Musings and Makeup and 45

Darlin’ don’t you go and cut your hair


I was talking with friends about makeup tonight, and we were all gently teasing each other. For example, my thing is lip color. I think we all need lip color. And I’m not necessarily meaning lipstick per se…just that if you make up your face, make sure you put something tinted on your lips.

But that was also pre COVID. These days my beauty ritual is about 5 minutes. At most, you’ll see me in concealer, eyeliner and a tinted lip balm (because my lips are also dry).

When I thought about that, I felt a bit weird. Shouldn’t I do more? I’m going to be 45 at 11:19 PM on 9/9. Well into middle age. Shouldn’t I try harder?

I watched my mother and other female relatives of the same generation spend so much time with hair in rollers and putting on full faces of makeup before they deemed themselves acceptable to go out. I don’t deny they looked great. But the time! The effort! The expense!

I’m not like that. I am certainly no beauty and have my flaws, but I just can’t do that. And COVID has helped (or not?) with that. I just don’t care. I’ll wash my face, put on moisturizer and concealer. Possibly eyeliner but definitely tinted lip balm. Five minutes. Done.

I LIKE having such a pared down beauty ritual. Maybe it shouldn’t technically be called that. I don’t know.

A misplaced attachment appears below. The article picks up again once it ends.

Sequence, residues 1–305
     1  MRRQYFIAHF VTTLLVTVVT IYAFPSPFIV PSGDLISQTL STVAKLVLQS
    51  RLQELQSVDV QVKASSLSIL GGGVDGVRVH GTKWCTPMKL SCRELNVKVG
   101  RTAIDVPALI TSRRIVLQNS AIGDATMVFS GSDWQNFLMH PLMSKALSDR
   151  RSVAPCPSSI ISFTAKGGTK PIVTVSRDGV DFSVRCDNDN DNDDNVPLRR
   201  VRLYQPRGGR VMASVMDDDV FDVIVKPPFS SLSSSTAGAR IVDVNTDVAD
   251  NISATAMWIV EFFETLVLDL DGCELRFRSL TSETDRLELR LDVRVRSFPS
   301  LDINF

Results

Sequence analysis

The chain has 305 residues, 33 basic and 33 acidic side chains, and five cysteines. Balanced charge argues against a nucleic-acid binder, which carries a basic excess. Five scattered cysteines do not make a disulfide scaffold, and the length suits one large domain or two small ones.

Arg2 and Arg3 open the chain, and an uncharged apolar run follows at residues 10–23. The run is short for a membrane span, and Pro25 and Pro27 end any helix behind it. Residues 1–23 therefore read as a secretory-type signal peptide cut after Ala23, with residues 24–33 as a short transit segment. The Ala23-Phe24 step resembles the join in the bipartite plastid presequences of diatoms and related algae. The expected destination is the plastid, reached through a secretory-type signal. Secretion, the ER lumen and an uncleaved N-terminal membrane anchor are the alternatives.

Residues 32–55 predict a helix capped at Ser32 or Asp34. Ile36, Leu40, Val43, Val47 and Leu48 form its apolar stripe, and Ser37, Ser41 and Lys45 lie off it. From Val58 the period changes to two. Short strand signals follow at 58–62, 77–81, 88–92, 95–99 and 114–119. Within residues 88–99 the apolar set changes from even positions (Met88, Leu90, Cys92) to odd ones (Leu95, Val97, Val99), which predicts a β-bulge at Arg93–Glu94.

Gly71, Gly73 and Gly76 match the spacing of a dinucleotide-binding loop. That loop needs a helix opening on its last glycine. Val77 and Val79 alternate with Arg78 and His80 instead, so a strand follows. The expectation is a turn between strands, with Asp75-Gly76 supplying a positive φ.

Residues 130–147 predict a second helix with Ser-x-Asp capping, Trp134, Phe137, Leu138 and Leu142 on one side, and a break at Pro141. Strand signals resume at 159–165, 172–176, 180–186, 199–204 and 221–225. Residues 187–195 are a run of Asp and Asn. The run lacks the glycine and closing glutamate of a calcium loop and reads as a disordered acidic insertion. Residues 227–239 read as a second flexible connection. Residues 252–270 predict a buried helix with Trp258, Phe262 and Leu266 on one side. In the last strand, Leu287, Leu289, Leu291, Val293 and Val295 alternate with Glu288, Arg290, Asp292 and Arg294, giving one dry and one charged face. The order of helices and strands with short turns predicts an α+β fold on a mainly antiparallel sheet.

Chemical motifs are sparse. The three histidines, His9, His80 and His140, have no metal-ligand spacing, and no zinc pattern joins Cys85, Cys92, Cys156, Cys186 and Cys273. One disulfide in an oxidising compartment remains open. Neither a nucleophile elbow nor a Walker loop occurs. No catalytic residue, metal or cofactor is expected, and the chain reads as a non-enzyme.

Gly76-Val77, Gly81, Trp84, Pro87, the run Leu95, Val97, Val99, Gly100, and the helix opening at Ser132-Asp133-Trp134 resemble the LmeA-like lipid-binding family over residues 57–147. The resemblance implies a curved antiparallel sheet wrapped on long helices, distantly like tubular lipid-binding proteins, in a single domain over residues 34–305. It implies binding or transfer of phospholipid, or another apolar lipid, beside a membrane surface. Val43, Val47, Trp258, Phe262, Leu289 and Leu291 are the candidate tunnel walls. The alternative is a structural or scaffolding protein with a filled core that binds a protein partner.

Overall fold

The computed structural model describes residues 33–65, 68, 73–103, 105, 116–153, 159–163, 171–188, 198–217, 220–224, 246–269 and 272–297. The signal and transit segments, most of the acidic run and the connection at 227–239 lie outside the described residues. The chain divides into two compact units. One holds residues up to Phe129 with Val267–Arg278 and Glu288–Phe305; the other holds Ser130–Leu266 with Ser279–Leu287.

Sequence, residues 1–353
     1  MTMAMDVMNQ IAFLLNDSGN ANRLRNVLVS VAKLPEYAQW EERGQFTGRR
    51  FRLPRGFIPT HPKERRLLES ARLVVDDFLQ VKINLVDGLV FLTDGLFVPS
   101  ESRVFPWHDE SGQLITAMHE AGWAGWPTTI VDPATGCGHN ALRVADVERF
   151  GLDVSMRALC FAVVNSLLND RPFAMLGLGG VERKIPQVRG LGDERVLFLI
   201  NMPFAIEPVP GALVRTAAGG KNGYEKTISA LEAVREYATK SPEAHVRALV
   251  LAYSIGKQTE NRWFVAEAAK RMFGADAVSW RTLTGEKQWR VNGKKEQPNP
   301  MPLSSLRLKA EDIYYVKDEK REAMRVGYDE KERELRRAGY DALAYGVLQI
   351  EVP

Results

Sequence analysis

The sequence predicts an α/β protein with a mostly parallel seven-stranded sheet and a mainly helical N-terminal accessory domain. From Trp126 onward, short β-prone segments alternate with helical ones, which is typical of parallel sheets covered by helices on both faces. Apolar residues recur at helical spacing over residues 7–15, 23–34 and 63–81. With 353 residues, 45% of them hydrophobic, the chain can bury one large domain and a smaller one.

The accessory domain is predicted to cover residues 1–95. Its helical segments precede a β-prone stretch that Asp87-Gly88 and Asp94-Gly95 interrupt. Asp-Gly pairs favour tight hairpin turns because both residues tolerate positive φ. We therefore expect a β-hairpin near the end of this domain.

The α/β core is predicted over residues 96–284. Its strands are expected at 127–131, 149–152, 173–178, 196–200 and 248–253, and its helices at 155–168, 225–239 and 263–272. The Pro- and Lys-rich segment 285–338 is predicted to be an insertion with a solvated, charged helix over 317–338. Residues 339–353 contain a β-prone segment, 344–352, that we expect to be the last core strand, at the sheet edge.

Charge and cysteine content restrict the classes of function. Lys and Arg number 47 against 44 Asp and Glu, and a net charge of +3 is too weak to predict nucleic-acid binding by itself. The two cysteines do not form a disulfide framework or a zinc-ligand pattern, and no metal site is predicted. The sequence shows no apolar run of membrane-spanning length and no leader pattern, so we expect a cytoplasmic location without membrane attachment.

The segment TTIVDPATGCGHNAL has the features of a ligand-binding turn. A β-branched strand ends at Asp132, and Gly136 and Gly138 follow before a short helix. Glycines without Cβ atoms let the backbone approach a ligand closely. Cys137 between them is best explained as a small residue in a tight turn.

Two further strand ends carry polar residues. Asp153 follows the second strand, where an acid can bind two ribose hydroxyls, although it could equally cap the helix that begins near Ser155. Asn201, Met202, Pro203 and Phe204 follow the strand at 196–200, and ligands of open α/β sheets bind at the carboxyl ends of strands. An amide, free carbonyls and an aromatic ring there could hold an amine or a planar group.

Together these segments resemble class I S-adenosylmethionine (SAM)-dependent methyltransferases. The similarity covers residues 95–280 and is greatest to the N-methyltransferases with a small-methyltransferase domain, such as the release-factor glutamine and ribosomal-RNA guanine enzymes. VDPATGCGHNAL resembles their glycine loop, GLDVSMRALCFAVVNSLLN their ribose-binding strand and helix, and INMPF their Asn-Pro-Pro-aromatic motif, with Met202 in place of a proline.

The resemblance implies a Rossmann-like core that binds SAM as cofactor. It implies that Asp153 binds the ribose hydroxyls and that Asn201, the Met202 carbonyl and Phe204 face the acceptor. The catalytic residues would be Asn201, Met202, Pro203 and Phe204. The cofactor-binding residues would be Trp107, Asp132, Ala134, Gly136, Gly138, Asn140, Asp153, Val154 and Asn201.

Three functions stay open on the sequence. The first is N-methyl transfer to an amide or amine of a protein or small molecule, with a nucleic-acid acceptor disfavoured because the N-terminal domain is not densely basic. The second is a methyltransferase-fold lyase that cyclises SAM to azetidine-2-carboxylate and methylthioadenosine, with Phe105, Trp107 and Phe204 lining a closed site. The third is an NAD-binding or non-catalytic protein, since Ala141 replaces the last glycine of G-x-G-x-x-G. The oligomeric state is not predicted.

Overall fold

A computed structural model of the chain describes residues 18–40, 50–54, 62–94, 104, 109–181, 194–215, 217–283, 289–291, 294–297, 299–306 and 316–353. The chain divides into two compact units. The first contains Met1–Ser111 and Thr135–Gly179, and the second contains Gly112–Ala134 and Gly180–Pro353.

I’m going to be 45 tomorrow. I feel like if someone doesn’t like me because of how I look at this age, then it’s their problem. And I don’t mean to leave you with the idea that I make no effort; I just make very little effort.

And that is very freeing!

We’ve learned a lot since March of 2020. And if you don’t like my face as it is, minimally made up, then chances are you won’t like what I’m going to express or have opinions on.

And it is perfectly accurate to inquire: “shouldn’t you put your best face forward?”

To which I reply: “why?” Why do so? What does it matter? If you wake up with me, you’re going to see me in all my 45-year-old glory. How my face looks does not at all detract from my brain or my ability to think and express myself. “

This does not mean that I do not dress or carry myself appropriately. I just…I’m going to be 45 on Friday, and I’ve gotten used to a very pared down beauty ritual, and I like it. I’ll never say that I look as good as I could, but I don’t care. I look good enough. And that’s very freeing. I like that I can be ready in 5 minutes. No, I don’t look as good as I could, but I don’t care.

And maybe that’s the time of Covid. Maybe that’s my age. Maybe I’m just tired of it all. This is who I am. I’m 45 and say, “fuck it.”

Happy Birthday to me.

Birthday Gift for Myself

“I celebrate myself, and sing myself”

Walt Whitman, “Song of Myself”

A few months ago, I decided what I wanted to give myself for my birthday. It was…a bit radical for me. Despite my liberal beliefs, I am a bit conservative in some areas.

But once the idea took hold in my head, I couldn’t get rid of it. I wanted…no, I needed to do this. I made a goal to have it by my birthday, but it wasn’t possible. However, one week later, I did it. I fulfilled my birthday gift to myself.